The Circle — W. Somerset Maugham

cover of the circle, a play by w. somerset maugham
The Circle, 1921, first printed UK edition
W. Somerset Maugham

The Circle. A Comedy in Three Acts (London: Heinemann, 1921)

This post will look at W. Somerset Maugham's play, The Circle, written in 1919 and first produced at Haymarket Theatre on 3 March 1921. As usual, I will describe the first printed edition of Maugham's work.

The Circle: An Unusual Maugham Comedy

The Circle was written during Maugham's very active creative period after his stay at the sanatorium in Scotland. The opening reminds one of Penelope in which the protagonist is missing, although very soon Elizabeth appears. She is then told the unpleasant news that her father-in-law (Clive Champion-Cheney) suddenly changes his mind and cuts his trip in Paris short, and he is on his way to their house that very afternoon. It is revealed that her mother-in-law (Lady Kitty) eloped when Arnold (Elizabeth's husband) was only five with the little boy's godfather (Lord Porteus), leaving a very comfortable and respectable life behind to settle in Florence, but more importantly, on Elizabeth's invitation, the couple is coming to stay with them that afternoon too, the first time after thirty years.

Instead of being an embarrassed and hassled situation for Arnold's father, the injured husband whose political career was ruined because of the scandal, Clive, a typical Maugham observer of human folly, is the one who is having the best of time, with his sardonic humour and well-kept ageing body, in contrast with the decrepit eloped couple.

As the title suggests, the circle meets its end when Elizabeth, romanticizing the past elopement from lack of information, since it is naturally a taboo subject in the house, has fallen in love with another guest in the house, Teddie Luton, and upon confirming his love, the two plan to elope to the Federated Malay States, where Luton's plantation is.

Seeing the danger, Clive devises a stratagem to change the course of events, using his knowledge of human nature. He persuades Arnold to let Elizabeth divorce him, settle a generous annuity on her, and pledge his love for her, betting on her guilty conscience. However, the twist at the end is that the joke is on him instead.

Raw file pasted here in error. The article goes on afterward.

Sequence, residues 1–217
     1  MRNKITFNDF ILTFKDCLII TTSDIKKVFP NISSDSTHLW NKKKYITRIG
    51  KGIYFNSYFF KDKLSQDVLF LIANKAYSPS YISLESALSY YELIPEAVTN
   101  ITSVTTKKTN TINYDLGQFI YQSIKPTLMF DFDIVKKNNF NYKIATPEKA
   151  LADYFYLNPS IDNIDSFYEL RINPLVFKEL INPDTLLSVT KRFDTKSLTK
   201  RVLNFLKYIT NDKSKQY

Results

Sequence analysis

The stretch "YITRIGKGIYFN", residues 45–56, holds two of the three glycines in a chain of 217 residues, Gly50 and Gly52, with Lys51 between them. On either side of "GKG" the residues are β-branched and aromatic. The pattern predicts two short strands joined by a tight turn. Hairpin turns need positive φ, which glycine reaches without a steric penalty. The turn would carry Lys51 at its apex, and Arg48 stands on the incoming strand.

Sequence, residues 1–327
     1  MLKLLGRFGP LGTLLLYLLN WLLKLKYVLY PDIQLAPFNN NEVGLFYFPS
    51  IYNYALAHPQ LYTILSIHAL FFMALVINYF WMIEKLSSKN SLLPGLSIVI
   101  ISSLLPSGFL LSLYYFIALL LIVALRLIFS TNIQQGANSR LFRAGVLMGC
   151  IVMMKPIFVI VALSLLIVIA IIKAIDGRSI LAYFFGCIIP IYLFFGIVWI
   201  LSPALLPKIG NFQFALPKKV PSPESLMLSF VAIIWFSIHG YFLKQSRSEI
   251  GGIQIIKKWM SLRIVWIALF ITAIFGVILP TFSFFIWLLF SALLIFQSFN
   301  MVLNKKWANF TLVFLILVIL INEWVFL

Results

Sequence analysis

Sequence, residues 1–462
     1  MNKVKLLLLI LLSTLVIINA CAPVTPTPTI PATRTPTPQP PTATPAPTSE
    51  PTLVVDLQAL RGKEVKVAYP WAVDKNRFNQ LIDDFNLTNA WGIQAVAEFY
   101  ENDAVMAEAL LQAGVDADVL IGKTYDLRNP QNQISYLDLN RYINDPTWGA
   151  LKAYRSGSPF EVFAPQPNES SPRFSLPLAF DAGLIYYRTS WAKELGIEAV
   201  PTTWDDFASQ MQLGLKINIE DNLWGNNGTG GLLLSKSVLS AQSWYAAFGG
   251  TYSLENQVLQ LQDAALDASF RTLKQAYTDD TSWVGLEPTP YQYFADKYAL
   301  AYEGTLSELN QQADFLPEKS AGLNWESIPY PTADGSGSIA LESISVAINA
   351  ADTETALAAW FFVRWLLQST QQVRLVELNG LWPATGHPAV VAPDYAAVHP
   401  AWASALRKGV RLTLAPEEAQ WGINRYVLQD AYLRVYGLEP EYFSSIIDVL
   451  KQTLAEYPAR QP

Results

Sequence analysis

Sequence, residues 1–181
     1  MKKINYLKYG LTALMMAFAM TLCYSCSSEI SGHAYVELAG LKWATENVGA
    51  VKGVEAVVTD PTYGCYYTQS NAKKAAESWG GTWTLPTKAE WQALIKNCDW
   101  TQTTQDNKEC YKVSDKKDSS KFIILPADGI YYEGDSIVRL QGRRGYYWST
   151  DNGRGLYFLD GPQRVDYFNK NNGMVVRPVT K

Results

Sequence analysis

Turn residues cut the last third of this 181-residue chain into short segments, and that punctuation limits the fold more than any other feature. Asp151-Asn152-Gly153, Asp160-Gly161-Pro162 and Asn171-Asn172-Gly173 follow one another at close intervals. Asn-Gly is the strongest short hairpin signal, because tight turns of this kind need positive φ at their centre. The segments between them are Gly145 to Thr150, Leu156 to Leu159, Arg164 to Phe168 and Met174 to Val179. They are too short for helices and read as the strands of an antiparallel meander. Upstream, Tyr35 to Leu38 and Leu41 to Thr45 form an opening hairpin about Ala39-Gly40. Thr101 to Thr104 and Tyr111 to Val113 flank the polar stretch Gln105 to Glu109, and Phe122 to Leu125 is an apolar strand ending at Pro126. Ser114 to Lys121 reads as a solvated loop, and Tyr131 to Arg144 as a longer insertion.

Despite the petty quarrels and regrets of what might have been if they were to continue their respective lives, Lady Kitty and Lord Porteus still have each other and the memory of the adventure of giving up everything to elope together. Though the tragedy of love is its ephemerality and eventual indifference, as Lady Kitty tells Elizabeth, Maugham seems to be saying that at the end of the day, it is better to have loved passionately and sacrificed everything for it than resigning to a dull and protected respectability.

The Circle — First Edition

Different from Maugham's other plays published by Heinemann, besides the usual champagne wrappers, a hemp beige paper board binding replaces the cherry red buckram. According to Stott, Heinemann was experimenting with this new type of casing, but it was abandoned soon, and thus copies with the second binding are very scarce. Stott also mentions that for the wrapper issue sometimes there is a binder's leaf before the blank leaf, which is the case with my copy.

Considering the rareness of the first edition of some of Maugham's plays, one can still get The Circle with very good price, especially the first US edition by George H. Doran.

The Circle can be downloaded on the free ebook - plays page.

The Circle at AbeBooks
The Circle at (although in the product details it is listed as UK first edition, from the descriptions of several sellers their copies are the first US)
The Circle - US first ed. at Amazon UK